God knows how long ago, but a while back I was looking into the Facebook ad campaign options for Black Ring. At the time I didn’t go through with it; I just wanted to see what the pricing, GUI, etc. were like. Well, I get an email this week saying that I have a $50 credit toward Fb ads, apparently because I wasn’t fully swayed during my first encounter with the system. (To those who don’t know: Vistaprint does something similar. Create a design, leave the site, and bam. Coupon in your email to finish what you started.)
After doing some research, specifically the trials and tribulations of Matt over at Guerilla Wordfare, I chose to do two test runs. The image attached is of the final results of the first run. “Generic” was targeting Pennsylvanians with the broad category of Activities > Literature/Reading. “Specific” targeted Pennsylvanians with the precise interests of “novels” and “fiction.” Both had $10 budgeted over each of their lifetimes, which in these cases lasted from March 1 through March 7, coinciding with the first week after the 99 cent sale. Both linked to the Info tab of the Coincidence: The Novel Facebook page, which included its Amazon links. Both were also Pay for Clicks (CPC).
CPC vs. CPM
Now for the uninitiated, the CPC option is best for a product. It can show up on someone’s Facebook a thousand times, but it won’t cost you a cent until someone actually clicks the link, which in this situation is what you want people to do. The money isn’t touched unless the link becomes what some would call “effective.” Once someone actually clicks, it’s completely up to you and your ability to sell through the Facebook page (or whatever link you have it going to). CPM may be cheaper, but it’s more for show, branding, better PR, whatever you want to call it. Viewing the ad itself is the desired result with CPM. So CPM isn’t really appropriate for me unless I wanted “Nace Phlaux is awesome, well-endowed, and worshiped by the people of Hibberts Gore, Maine” running in the backs of my targets’ minds.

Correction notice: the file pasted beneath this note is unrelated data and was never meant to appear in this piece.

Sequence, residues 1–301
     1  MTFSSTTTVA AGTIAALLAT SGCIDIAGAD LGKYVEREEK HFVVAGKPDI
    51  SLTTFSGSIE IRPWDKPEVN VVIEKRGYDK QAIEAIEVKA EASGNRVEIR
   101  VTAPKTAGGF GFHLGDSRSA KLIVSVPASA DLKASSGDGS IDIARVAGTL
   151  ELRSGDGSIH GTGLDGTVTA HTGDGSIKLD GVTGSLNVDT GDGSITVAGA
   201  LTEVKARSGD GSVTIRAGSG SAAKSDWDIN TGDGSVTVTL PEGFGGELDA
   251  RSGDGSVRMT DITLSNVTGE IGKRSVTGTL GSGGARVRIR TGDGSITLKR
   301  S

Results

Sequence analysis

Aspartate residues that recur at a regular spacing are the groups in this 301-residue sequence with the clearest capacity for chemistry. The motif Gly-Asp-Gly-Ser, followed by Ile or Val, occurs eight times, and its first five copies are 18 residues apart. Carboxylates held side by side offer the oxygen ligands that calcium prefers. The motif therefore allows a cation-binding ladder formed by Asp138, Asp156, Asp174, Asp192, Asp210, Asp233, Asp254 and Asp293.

I started the first day with the bids set to the minimum (2 cents). Nothing. Half day of 5 cents? Nothing. 2 cents below the suggested price of each? Nothing. Finally I picked the minimum suggested bid and got somewhere.
At first, Generic seemed to be the obvious winner. It had the higher reach, more clicks (again, at first), and the better social reach. However, the price seemed to go up every time I checked it. Finally, I lost my patience and selected the maximum suggested bid. It ran out of money and only achieved 12.5% Likes out of its clicks.
Specific, however, ended its lifetime with more favorable results. With more clicks, 90% of those clicking Like, Specific came out on top. It’s also worth noting that it ran its course, not its money. Only a little more than half of its budget was spent.
A jump in Likes. Sales? None. Not bad for a test run, but it still would’ve been nice if one person moved on to purchase/borrow the book. Since I ran the campaign, though, Facebook has offered an additional $100 credit if I jump through some hoops. I’m thinking I may try that next week, but this time I’ll have the link go directly to Amazon. I had read external links were more expensive, but I’m not seeing a difference in price with the suggested bids. Maybe it’s something I won’t uncover until it’s in full swing.
Overall, I’m content (if not a little underwhelmed) by the experiment. But it was free and didn’t negatively affect me/the book thus far. I read where others purchased a $50 credit for $8, so there’s that if you’re interested in trying it for yourself. If you’ve found your results to be staggering or horrifying, feel free to let me know. I’d like to continue with the testing and would appreciate others’ anecdotes.